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How NATO Air Strikes Scuttled Ghadaffi’s Plan Of Assisting The CPC!


Investigations carried out by Street Journal have revealed that the Congress for Political Change (CPC) is one of the organizations affected by the Libyan crisis which put the North African country in a civil war mode. Things have not been the same since February 17, 2011 when Libyans chose to observe the “Day of Rage” like most of their Arab neighbours.

Intelligence reports had revealed that the Libyan leader had planned a monetary aid to the tune of $ 730 million for the political party. The aid according to sources was to enable the party strategize and also fund most of its campaign tours and programmes before the election. Street Journal also found out that apart from the fact that the internal crisis gave the Libyan leader something to worry about, it went a long way in affecting Ghadaffi’s purse and how he uses Libya’s funds. From the reports obtained by Street Journal, the date that the grant would have been obtained by the CPC was the same day the North Atlantic Treaty Organization (NATO) launched its first strike on Libyan targets. In the March 20 air strike which has been tagged as the broadest international military effort since the Iraq war, 112 Tomahawk cruise missiles were fired at Libyan targets from American and British warships. The air strikes were more or less the confirmation that Libya might be in for a long war and that Muammar Ghadaffi, the self styled “King of Kings of Africa” might be on his way out of power.

While it is believed in some quarters that the scuttled plan to get monetary aid from Libya affected the fortune of the party during the polls, it is also held by some that the funds that failed to materialize might have been one of the factors that catalyzed the violent reaction that came after Nigeria’s presidential elections in April. It will be recalled that the CPC’s candidate, Gen. Muhammadu Buhari (rtd) lost to the PDP’s candidate, President Goodluck Jonathan with a margin of more than 10 million votes.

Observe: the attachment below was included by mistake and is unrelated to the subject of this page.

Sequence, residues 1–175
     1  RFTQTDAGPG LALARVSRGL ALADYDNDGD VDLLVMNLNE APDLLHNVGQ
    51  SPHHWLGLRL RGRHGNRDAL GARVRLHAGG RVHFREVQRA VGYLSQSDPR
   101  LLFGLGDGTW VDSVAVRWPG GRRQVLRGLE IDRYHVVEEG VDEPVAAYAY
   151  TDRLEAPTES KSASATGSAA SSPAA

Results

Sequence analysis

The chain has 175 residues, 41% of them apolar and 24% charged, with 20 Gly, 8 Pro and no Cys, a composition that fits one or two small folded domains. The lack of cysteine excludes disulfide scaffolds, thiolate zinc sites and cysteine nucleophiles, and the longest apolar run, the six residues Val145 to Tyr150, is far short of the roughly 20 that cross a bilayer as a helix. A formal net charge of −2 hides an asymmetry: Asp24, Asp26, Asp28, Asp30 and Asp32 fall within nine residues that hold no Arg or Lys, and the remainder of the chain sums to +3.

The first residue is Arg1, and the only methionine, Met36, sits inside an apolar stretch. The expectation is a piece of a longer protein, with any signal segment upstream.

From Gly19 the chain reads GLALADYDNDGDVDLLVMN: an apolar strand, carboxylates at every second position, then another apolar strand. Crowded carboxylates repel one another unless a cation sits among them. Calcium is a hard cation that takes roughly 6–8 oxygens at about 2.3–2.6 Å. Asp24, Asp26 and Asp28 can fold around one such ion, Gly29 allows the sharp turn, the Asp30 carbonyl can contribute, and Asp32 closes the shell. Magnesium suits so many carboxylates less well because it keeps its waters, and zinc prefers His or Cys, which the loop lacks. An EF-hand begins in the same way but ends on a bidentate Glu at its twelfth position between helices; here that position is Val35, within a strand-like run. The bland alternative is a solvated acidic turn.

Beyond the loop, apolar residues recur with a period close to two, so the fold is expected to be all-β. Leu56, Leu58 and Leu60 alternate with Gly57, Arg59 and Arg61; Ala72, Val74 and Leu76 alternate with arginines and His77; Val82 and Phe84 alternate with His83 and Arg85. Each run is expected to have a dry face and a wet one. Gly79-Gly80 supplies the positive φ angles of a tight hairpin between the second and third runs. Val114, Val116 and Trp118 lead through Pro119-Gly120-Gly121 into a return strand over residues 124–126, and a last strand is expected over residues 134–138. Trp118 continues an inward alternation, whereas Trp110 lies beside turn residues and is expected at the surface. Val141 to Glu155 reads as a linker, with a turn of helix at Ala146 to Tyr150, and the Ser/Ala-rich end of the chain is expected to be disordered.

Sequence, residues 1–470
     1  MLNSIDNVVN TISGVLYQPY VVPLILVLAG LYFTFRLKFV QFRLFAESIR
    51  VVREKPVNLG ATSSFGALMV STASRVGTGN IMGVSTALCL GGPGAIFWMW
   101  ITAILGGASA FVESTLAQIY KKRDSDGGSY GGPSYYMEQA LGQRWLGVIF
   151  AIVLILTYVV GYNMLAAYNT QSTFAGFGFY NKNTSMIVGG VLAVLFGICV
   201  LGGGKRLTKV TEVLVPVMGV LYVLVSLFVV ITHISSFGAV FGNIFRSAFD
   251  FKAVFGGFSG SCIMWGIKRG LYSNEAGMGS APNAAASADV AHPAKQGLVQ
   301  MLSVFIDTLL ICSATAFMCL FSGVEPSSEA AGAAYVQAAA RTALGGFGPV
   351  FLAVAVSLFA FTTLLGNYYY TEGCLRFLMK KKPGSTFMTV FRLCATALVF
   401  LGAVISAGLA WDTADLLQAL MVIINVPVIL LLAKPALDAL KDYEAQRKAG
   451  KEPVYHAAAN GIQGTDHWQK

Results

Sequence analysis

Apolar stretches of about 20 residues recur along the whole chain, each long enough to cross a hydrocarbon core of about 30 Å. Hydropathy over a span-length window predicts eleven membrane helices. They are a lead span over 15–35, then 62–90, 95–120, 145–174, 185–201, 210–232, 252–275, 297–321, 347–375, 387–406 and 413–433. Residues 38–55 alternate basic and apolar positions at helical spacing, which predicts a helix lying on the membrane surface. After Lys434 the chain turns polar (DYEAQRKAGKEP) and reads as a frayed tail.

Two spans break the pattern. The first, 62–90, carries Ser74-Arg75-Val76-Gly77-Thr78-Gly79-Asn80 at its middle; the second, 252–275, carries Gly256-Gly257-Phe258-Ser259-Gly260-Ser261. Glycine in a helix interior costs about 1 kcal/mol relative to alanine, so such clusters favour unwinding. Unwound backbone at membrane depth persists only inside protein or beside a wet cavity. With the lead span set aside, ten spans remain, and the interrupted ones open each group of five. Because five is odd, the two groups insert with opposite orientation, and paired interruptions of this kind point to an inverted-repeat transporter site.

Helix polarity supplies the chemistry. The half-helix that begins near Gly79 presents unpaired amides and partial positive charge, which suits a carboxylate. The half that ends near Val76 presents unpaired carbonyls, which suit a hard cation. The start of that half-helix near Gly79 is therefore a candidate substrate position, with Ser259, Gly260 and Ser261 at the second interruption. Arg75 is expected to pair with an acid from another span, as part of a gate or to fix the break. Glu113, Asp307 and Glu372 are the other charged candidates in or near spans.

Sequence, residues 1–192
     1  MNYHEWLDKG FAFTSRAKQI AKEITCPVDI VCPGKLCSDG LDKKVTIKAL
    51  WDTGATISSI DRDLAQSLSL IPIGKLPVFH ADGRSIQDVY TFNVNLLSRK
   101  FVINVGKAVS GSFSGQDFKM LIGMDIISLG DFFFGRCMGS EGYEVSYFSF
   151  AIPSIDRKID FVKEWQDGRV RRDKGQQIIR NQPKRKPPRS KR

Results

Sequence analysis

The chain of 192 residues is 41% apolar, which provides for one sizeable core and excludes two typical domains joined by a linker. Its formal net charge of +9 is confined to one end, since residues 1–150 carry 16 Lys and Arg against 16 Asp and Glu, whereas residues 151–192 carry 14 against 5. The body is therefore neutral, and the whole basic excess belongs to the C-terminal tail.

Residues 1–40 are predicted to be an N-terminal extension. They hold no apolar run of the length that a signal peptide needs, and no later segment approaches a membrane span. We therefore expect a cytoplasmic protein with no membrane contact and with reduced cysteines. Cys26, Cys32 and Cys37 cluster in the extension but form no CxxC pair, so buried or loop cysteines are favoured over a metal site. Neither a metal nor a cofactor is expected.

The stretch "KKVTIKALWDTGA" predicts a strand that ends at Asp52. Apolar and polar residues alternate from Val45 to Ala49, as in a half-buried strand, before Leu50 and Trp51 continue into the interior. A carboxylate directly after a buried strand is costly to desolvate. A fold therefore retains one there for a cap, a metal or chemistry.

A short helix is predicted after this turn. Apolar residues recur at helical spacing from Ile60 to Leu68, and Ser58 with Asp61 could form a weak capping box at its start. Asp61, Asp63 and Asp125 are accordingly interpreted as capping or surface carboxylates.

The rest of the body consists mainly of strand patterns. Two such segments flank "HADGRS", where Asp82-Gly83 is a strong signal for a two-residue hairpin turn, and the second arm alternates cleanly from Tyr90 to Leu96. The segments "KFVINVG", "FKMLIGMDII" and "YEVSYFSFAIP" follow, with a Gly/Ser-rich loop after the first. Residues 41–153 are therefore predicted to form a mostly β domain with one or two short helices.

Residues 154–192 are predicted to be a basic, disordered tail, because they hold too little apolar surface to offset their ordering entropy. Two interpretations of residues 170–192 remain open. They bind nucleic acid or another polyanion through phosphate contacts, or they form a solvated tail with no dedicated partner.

Many families are yet to recover from their losses while some will bear the pains for life. Lots of lives were lost in the post-election violence that occured in some states in the northern part of Nigeria. Some international observers have put the fatalities at 800.

Right after the results of the presidential elections which showed that President Goodluck Jonathan had 57% of the total votes while Gen. Buhari had 31% were announced, violence broke out in some states in the northern part of Nigeria, including Bauchi and Kaduna. Wanton destruction and arson suddenly looked like the norm as people; especially those from the south had to flee for their lives. Not less than 17,000 people fled their homes across eight states in the northern part of Nigeria. Some of those who were lucky to escape being killed were maimed while a lot of others were rendered homeless. Across Kano, Kaduna, Katsina and Zamfara States, arsonists and rapists had a field day burning, looting and causing untold pains to innocent people.